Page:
Taking stock of the global electric vehicle race
The electric vehicle market is poised for both rapid growth and fundamental reshaping as a tsunami of new models start reaching drivers.
The big picture: Global EV sales — battery-electric and plug-in hybrid combined — more than doubled last year to around 6.6 million vehicles. They accounted for 8.6% of the global light-duty vehicle market, compared to about 2.5% in 2019, per a new International Energy Agency commentary.
- Analysts see another growth surge this year, with the research firm BloombergNEF projecting over 10.5 million in sales.
Our thought bubbles: Here are a few takeaways from the latest sales data and analyses...
EVs are not yet a truly global trend. According to IEA, China, Europe and the U.S. together account for about two-thirds of the global car market but 90% of EV sales. The chart above shows the top 5 global EV companies in 2021. EVs were below 1% of sales in Brazil, India, Indonesia and Japan last year, per IEA.
Policy is still really important — think EU carbon rules and subsidies there and in China — but there are more forces spurring EV purchases now.
- "Government policies remain the key driving force for global electric car markets, but their dynamism in 2021 also reflects a very active year on the part of the automotive industry," IEA notes.
- Big automakers like GM are ramping up investment plans and setting aggressive sales growth targets.
Lots of new models are about to reach consumers. Per the consultancy IHS Markit, there will be 146 EV models available in the U.S. in 2025, compared to just 24 in 2020.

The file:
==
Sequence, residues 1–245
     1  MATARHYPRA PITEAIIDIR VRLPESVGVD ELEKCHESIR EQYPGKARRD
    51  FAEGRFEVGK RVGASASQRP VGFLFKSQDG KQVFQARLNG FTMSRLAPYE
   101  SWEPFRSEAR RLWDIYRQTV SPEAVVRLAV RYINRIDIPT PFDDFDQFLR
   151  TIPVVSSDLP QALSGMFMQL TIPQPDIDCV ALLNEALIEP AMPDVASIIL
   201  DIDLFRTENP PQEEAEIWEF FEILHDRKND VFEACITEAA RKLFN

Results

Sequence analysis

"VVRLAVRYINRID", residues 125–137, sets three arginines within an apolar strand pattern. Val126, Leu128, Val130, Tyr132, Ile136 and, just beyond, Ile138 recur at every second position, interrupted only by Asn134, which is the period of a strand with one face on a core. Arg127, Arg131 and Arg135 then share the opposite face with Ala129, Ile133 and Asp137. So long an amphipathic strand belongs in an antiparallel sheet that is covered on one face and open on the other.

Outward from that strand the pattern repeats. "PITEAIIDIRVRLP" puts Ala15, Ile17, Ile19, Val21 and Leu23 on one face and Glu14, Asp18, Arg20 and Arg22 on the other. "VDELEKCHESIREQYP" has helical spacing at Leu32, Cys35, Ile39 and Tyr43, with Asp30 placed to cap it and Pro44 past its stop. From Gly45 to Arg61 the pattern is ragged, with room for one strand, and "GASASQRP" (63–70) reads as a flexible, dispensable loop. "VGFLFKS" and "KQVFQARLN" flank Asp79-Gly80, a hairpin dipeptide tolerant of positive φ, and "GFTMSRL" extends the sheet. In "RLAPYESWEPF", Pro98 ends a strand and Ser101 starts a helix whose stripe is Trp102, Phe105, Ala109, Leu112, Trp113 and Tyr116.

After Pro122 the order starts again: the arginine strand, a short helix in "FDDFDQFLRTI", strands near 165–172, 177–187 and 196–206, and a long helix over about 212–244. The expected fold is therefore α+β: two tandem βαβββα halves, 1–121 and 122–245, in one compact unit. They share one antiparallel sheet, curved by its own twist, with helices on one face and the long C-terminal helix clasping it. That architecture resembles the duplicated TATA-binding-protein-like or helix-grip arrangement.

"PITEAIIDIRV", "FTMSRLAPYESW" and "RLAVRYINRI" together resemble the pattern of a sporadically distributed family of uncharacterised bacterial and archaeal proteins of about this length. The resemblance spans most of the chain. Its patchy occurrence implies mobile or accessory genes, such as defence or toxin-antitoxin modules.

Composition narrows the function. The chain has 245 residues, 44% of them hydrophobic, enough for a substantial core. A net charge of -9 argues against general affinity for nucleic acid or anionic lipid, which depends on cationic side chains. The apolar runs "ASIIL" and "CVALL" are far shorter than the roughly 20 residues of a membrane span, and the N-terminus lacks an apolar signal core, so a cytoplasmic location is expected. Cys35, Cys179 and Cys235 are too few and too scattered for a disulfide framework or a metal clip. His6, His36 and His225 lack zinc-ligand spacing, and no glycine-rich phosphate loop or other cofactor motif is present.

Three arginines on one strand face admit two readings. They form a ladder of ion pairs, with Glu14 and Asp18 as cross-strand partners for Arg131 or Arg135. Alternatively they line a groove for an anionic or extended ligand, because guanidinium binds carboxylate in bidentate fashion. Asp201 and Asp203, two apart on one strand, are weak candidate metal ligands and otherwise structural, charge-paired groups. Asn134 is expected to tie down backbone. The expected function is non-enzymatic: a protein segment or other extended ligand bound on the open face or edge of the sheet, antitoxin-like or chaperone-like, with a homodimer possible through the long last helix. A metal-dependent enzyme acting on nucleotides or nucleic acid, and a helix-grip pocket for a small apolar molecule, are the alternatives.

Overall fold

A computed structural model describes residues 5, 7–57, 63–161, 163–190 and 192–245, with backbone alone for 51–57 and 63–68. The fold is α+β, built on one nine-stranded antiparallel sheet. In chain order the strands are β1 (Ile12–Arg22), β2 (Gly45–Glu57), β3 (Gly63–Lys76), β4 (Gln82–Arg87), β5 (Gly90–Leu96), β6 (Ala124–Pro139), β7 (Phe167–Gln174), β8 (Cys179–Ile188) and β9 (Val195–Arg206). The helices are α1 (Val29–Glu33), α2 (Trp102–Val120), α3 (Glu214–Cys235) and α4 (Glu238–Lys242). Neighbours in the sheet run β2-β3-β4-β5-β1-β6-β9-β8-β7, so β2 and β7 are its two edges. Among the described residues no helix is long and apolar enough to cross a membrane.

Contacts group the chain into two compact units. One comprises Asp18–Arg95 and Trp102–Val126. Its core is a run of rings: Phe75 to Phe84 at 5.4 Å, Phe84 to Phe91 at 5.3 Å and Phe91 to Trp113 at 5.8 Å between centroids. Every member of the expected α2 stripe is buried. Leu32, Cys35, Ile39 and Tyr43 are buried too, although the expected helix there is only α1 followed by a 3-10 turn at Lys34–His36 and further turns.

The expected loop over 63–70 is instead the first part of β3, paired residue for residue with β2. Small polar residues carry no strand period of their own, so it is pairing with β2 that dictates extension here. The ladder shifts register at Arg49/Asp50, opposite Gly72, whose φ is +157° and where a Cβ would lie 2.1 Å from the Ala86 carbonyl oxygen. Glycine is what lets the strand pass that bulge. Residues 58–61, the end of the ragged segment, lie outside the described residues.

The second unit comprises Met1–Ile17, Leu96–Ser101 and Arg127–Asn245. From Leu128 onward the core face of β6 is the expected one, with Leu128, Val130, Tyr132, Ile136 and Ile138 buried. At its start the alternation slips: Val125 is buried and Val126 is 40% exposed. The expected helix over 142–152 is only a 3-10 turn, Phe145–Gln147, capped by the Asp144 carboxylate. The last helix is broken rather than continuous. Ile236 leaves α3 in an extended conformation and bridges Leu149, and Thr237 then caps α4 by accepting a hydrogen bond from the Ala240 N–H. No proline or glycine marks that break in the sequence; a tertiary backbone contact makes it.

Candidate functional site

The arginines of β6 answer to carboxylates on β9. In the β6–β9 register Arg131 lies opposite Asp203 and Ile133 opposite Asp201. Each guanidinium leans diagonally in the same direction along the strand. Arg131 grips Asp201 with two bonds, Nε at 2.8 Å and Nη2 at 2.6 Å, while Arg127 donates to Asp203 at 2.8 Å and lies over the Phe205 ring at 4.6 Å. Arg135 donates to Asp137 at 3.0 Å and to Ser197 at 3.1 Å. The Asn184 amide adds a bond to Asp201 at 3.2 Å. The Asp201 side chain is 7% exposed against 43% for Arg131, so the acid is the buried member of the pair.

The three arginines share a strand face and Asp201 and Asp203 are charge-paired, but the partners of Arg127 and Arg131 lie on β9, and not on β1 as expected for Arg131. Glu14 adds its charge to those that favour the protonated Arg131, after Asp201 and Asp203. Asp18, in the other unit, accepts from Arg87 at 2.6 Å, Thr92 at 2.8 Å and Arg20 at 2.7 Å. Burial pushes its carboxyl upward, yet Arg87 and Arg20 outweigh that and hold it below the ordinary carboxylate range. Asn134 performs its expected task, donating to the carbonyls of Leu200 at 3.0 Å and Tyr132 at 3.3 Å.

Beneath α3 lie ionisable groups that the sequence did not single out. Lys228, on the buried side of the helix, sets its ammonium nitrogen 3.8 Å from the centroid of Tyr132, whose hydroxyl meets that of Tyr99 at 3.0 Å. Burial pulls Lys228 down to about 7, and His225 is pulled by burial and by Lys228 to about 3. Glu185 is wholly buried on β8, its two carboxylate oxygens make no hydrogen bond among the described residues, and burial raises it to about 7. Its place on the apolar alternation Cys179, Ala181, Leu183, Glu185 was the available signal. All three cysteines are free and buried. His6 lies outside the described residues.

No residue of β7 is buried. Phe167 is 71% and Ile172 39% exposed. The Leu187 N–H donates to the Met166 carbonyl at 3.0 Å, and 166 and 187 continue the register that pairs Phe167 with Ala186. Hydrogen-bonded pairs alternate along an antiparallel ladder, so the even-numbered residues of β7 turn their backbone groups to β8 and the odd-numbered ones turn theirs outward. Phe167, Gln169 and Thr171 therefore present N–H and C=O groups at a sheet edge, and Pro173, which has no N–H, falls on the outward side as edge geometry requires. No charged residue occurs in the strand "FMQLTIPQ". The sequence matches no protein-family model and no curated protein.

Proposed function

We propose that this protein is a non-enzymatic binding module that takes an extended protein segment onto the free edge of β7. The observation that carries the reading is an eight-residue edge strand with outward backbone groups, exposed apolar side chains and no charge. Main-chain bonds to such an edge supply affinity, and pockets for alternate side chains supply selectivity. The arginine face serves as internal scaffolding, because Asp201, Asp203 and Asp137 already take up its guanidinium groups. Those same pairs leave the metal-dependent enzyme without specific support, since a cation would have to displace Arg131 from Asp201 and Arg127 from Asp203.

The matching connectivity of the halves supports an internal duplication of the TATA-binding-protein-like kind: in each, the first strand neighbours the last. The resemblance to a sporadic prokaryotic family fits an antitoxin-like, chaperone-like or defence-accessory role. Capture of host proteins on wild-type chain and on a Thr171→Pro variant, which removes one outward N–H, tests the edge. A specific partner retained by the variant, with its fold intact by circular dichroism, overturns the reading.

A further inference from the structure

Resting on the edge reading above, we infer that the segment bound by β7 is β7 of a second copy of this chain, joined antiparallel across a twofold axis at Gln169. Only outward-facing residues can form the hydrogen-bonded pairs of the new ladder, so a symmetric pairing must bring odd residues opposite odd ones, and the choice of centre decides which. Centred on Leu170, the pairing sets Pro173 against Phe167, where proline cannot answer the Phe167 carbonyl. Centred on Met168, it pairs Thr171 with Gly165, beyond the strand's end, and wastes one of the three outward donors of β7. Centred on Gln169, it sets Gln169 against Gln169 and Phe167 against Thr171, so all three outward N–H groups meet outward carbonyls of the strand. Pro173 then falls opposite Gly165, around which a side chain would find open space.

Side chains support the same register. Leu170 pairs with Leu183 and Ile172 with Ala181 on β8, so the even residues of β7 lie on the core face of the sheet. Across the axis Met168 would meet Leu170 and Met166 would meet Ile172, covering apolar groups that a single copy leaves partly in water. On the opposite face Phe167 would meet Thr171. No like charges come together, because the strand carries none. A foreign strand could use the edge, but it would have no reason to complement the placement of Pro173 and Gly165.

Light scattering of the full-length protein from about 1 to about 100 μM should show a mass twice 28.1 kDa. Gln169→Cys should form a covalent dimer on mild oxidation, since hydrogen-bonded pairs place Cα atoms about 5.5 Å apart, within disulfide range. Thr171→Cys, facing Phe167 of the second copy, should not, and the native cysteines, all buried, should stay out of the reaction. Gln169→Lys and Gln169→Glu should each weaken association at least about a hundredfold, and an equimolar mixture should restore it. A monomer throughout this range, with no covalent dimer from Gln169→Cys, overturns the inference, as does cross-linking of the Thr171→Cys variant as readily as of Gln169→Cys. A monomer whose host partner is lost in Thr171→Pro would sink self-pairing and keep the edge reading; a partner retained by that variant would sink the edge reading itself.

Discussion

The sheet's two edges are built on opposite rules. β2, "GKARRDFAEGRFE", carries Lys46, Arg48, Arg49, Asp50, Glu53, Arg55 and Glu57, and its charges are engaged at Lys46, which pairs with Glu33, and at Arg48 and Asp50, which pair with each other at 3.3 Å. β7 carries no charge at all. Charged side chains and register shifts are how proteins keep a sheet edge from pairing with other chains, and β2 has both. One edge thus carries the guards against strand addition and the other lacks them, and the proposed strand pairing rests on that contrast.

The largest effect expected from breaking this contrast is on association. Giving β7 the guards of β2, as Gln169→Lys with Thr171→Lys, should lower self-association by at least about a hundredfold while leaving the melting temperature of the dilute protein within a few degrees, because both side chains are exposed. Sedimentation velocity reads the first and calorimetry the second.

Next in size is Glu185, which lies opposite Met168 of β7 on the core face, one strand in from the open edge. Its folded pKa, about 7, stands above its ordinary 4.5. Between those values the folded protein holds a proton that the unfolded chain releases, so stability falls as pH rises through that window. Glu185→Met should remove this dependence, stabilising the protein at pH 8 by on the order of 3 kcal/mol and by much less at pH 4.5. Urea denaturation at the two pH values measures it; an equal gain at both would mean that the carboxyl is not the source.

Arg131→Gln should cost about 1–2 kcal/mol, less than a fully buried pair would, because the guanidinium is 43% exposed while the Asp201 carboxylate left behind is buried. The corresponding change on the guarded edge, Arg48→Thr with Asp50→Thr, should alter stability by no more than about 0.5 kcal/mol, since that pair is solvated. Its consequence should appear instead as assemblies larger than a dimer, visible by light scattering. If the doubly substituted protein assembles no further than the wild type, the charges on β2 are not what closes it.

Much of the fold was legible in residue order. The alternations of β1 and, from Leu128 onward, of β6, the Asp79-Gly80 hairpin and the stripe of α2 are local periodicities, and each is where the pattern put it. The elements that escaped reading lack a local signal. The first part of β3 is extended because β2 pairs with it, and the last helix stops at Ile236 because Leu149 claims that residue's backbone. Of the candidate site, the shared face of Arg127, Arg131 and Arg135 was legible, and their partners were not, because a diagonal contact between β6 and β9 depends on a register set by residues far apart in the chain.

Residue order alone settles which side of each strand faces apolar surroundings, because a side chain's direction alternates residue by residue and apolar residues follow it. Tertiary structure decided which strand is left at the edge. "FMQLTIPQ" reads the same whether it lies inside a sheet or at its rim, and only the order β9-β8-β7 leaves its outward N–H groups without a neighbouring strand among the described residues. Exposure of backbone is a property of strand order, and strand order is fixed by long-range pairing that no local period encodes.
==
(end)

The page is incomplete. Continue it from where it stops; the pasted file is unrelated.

The supply chain crunch is real. Last year saw significant price increases for steel, lithium, nickel and other metals, and chip shortages."
- For the first time, supply side bottlenecks are becoming a real challenge to the electrification of road transport and are adding to traditional demand side challenges," IEA said.
Tesla's on top but its dominance could erode. The company led the world in global sales with 936,000 units last year, IEA notes, and another growth surge is projected in 2022.
- But overall the market is growing fast and lots of new entrants are arriving. Analysts see the ongoing loss of Tesla's U.S. market share even as its sales grow.
- A recent Bank of America note sees Tesla's share of U.S. EV sales falling from 78% in 2018 to around 20% in 2024. IHS Markit sees Tesla with less than 15% of U.S. sales by 2027.
- But that says more about EV growth than any weakness from Tesla, and investors seem to agree, with the company boasting a market cap close to $1 trillion despite growing competition.
Electric vehicles remain a small slice of U.S. sales, but the battle among big U.S. automakers for the market of the future is intensifying.
Driving the news: General Motors, when reporting earnings yesterday, talked up the acceleration of its EV output and launches and signaled it may expand its existing plans to invest $35 billion in electric and autonomous tech in the 2020-2025 period.
- "To deliver this acceleration, we are pulling ahead significant investment into the 2022 to 2025 time frame, and we will share more details as we further refine our plans," CEO Mary Barra said on an earnings call, touting investments in the needed battery supply chain.
The intrigue: Bloomberg, citing anonymous sources, reported Tuesday that Ford may add significantly to current plans to invest $30 billion into electrification through 2025.
- The company is "planning a major reorganization to prepare for the electric future," it reports. Ford did not respond to an inquiry.